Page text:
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Oculus Gearing Up to Host its Own VR Convention, ‘RiftCon’

By GameFront.com 10 years ago, last updated 5 years ago

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Posted on February 21, 2014, Mike Sharkey Oculus Gearing Up to Host its Own VR Convention, ‘RiftCon’

Oculus VR, the start-up behind the Rift virtual reality headset, has filed a trademark with the US Patent and Trademark Office for RiftCon, an exhibition dedicated to all things VR.

The RiftCon trademark was filed on February 14 and includes the following description:

“Organizing exhibitions for cultural, educational, or entertainment purposes; organizing exhibitions in the fields of interactive entertainment, virtual reality, consumer electronics and video game entertainment industries for cultural or educational purposes; entertainment services, namely, arranging and conducting of competitions to encourage use and development of interactive entertainment, virtual reality, consumer electronics, and video game entertainment software and hardware.”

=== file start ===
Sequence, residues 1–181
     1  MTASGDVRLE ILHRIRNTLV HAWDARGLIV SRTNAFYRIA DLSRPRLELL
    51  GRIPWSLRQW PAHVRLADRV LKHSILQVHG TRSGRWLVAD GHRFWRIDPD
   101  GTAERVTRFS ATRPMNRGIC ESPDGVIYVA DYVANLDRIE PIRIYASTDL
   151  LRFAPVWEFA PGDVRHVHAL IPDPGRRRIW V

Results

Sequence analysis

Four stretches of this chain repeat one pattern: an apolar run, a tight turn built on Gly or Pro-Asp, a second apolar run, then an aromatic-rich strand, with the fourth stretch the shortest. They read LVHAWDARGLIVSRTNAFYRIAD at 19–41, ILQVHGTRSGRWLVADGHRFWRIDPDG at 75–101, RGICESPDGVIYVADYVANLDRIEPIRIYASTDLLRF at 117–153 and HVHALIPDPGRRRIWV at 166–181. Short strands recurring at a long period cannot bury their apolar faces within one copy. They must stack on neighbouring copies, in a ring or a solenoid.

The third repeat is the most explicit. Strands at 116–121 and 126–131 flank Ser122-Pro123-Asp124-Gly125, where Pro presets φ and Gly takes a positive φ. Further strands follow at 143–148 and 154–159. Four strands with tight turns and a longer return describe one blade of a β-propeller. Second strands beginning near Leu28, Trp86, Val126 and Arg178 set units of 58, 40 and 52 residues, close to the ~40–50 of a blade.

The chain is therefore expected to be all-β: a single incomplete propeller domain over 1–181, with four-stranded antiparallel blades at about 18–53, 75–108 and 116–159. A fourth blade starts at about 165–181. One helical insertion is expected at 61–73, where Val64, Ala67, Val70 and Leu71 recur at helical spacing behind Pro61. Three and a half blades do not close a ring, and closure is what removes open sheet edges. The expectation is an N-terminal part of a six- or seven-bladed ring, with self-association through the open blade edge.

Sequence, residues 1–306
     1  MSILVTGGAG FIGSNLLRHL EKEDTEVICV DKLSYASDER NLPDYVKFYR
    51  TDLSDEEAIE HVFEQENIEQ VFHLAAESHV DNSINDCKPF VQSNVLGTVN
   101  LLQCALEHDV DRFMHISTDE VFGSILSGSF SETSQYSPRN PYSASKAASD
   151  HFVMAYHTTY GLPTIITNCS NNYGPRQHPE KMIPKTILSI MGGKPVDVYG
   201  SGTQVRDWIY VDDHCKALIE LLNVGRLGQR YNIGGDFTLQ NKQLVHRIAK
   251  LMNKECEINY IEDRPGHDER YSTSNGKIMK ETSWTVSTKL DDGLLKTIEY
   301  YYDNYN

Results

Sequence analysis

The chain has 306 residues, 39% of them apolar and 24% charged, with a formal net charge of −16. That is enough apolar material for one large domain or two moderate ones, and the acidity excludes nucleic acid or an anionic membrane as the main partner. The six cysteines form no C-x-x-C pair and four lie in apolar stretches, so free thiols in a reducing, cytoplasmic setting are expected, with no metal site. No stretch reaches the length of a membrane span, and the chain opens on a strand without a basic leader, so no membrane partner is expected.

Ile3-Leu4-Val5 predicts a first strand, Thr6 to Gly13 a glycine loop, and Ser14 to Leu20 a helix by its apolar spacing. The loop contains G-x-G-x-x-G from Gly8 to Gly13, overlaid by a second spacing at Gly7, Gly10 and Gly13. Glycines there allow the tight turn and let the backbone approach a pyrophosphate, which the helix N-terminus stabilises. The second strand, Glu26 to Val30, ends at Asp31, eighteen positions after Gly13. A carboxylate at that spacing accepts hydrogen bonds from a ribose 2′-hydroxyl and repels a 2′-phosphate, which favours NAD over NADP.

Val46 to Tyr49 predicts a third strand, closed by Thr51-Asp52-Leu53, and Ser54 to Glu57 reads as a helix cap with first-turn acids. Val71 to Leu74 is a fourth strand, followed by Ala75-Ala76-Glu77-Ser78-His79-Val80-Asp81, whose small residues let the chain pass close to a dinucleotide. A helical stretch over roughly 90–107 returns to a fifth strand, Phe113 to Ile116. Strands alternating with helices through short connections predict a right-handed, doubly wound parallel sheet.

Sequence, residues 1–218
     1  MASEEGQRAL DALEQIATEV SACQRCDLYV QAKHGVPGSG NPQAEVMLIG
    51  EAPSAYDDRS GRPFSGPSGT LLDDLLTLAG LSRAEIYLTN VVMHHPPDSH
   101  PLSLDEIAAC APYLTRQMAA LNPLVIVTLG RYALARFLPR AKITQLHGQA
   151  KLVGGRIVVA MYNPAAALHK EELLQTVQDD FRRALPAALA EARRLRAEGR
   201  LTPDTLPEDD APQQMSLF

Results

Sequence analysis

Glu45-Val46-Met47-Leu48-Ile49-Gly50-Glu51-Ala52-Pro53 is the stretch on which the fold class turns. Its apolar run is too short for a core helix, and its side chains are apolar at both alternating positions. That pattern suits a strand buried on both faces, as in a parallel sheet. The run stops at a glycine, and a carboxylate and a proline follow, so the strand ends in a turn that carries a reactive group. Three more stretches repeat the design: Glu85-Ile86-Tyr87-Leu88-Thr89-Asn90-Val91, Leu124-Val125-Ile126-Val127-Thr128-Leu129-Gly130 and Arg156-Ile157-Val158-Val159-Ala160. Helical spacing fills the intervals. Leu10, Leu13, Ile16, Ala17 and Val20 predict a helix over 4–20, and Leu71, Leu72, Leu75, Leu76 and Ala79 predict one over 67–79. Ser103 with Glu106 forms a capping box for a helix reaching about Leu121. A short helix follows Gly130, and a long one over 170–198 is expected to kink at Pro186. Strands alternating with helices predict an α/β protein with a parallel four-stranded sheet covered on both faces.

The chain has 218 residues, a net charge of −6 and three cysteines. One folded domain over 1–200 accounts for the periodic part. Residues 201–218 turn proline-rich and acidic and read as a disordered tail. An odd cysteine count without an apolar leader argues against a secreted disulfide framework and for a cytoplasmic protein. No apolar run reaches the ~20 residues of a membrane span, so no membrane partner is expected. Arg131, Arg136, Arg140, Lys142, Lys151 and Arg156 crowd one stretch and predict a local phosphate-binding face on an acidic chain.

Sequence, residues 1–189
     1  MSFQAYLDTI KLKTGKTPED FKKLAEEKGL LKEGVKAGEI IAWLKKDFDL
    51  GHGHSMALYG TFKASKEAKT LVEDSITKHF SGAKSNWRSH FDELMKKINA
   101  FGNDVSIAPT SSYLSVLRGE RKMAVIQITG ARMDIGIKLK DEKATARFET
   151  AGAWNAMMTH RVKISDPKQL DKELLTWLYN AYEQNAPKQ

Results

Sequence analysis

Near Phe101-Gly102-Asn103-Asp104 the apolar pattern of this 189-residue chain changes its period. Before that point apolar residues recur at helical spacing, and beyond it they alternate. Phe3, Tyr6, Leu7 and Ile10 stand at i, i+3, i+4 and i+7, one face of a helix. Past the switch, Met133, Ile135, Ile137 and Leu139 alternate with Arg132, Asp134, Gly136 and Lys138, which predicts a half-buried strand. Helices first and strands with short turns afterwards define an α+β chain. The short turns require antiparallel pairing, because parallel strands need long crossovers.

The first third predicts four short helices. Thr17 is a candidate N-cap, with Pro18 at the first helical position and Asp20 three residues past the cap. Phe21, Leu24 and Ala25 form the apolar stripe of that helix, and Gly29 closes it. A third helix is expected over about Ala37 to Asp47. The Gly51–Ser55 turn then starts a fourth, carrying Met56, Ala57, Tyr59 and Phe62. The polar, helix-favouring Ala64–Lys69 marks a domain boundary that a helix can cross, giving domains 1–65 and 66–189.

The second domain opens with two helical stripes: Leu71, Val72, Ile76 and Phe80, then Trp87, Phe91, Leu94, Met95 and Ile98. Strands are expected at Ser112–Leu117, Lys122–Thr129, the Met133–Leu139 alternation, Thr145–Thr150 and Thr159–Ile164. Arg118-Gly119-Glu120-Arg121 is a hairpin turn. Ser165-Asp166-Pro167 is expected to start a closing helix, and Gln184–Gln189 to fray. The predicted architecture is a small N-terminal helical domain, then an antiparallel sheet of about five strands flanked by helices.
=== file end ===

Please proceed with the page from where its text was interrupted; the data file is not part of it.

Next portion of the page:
Oculus VR and its founder Palmer Luckey have appeared at numerous technology, gaming and virtual reality-dedicated conventions over the past two years. With the trademark filing for RiftCon, it’s clear the company is preparing to take over hosting duties.

Jim Redner of the TheRednerGroup handles public relations for Oculus VR and responded to our request for further details on RiftCon with a straight “no comment.”

The Oculus Rift’s iterative prototypes have been wowing nearly everyone lucky enough to step into its virtual worlds. Most recently, at CES 2014, Oculus VR demoed the Crystal Cove prototype featuring a new form factor, a 1080p AMOLED screen, and an external camera to accurately track movement.

The Crystal Cove was a big step forward for the Rift and Oculus VR, primarily because it cut latency — the time delay between user input and system response — to roughly 30 milliseconds from the motion-sickness-inducing 60-to-70 millisecond range of earlier prototypes. Oculus VR has repeatedly stated it will not launch a consumer version of Rift until it hits sub-20-milliseconds latency and solves the motion sickness issue.

With the trademark filing for RiftCon, it appears Oculus is confident they’re nearing that finish line.

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